Option and Enums

In this section, we are going to make the dog we created in the last section have some gourmet options for toys.

Enumerating Bones

Let's add an enumeration to our program that represents various bone flavors.

// ...

struct Bone {
    kind: BoneKind,
}

impl Bone {
    pub fn new(kind: BoneKind) -> Self {
        Self { kind }
    }
}

enum BoneKind {
    BaconFlavored,
    TurkeyAndStuffing,
    PeanutButter,
}

fn main() {
    // ...
}

Optional Fields

Now we need a way to represent the dog having a bone or not having a bone.

We can represent this using the Option type.

Option is a generic enumeration that looks like this.

#![allow(unused)]
fn main() {
pub enum Option<T> {
    None,
    Some(T),
}
}

With this information, let's add an optional bone field to our Dog.

struct Dog {
    age: u8,
    pub bone: Option<Bone>,
}

impl Dog {
    pub fn new(age: u8) -> Self {
        Self { age, bone: None }
    }

    // ...
}

fn main() {
    // ...
}

Now our dog can hold onto a Bone!

However, things get more complicated when we want to start giving and taking bones.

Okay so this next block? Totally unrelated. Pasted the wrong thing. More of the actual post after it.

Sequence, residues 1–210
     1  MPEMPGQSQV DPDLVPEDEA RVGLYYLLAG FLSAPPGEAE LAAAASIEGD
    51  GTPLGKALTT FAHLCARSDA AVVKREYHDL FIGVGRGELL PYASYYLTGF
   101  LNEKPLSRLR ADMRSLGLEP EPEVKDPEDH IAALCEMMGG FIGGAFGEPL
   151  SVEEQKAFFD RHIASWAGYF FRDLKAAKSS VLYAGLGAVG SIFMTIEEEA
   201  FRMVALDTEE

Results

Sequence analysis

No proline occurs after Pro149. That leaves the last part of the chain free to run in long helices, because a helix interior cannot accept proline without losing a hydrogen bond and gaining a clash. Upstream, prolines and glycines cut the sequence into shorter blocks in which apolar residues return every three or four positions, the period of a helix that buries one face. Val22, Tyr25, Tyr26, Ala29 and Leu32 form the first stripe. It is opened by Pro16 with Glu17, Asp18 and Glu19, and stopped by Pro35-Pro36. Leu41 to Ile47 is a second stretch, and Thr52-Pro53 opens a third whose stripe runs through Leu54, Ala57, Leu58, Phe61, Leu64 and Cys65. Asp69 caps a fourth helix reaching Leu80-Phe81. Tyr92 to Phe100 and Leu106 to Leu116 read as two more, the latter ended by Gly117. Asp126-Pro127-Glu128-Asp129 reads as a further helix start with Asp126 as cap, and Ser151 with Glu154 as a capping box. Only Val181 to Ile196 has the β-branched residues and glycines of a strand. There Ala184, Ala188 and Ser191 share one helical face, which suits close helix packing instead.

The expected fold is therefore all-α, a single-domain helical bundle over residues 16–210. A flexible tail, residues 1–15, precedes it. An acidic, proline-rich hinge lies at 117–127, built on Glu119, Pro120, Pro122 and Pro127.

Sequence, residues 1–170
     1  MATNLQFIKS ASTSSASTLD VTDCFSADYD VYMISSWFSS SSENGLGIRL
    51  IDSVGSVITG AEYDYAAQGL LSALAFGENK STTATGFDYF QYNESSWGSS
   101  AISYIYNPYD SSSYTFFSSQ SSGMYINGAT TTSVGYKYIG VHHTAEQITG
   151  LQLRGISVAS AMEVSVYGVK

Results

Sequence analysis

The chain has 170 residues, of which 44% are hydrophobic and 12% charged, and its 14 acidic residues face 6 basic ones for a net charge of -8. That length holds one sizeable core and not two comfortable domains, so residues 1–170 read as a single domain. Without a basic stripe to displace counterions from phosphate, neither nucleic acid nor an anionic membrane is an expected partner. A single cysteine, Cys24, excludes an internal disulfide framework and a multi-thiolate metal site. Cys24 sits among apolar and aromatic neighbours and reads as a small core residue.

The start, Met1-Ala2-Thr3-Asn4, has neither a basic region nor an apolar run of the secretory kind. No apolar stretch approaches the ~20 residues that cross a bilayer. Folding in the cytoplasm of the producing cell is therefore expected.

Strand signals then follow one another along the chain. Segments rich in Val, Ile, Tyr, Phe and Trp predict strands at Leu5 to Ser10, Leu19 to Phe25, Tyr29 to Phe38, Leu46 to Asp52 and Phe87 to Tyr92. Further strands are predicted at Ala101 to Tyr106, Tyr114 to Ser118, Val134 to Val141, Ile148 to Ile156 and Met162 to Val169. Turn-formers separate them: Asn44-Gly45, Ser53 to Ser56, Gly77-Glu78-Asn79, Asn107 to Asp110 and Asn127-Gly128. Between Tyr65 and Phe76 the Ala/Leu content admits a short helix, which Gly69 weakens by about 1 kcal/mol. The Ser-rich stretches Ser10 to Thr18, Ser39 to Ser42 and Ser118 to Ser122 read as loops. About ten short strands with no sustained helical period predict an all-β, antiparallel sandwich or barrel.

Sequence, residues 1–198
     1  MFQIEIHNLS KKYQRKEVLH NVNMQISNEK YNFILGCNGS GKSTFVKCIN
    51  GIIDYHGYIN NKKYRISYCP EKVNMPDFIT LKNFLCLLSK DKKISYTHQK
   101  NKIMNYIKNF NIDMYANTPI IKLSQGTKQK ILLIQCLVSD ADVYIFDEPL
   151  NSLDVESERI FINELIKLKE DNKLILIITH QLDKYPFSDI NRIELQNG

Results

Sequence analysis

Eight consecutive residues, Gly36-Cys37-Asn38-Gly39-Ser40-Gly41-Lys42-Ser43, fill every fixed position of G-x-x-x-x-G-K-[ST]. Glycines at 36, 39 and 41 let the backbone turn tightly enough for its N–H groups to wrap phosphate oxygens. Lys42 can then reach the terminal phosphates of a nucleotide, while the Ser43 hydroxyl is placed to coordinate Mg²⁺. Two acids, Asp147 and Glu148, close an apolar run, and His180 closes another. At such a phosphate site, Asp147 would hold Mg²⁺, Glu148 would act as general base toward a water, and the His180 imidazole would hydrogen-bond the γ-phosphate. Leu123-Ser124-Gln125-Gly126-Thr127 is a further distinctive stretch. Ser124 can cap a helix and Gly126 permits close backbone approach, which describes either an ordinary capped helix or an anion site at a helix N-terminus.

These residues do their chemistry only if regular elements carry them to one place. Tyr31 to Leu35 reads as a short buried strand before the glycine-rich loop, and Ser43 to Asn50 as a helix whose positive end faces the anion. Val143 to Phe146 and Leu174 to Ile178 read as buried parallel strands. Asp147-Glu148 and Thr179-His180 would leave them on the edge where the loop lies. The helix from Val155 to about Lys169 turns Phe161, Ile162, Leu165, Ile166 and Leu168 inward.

What if the dog already has a bone? What if the dog doesn't like the flavor?

In the next section, we'll cover how to handle fallibility in our program.

Full Program

The full program now looks like this.

struct Dog {
    age: u8,
    pub bone: Option<Bone>,
}

impl Dog {
    pub fn new(age: u8) -> Self {
        Self { age, bone: None }
    }

    pub fn celebrate_birthday(&mut self) {
        self.age = self.age + 1;
        println!("Wiggly butt is {} wags old!", self.age);
    }
}

struct Bone {
    kind: BoneKind,
}

impl Bone {
    pub fn new(kind: BoneKind) -> Self {
        Self { kind }
    }
}

enum BoneKind {
    BaconFlavored,
    TurkeyAndStuffing,
    PeanutButter,
}

fn main() {
    let mut dog = Dog::new(8);
    dog.celebrate_birthday();
}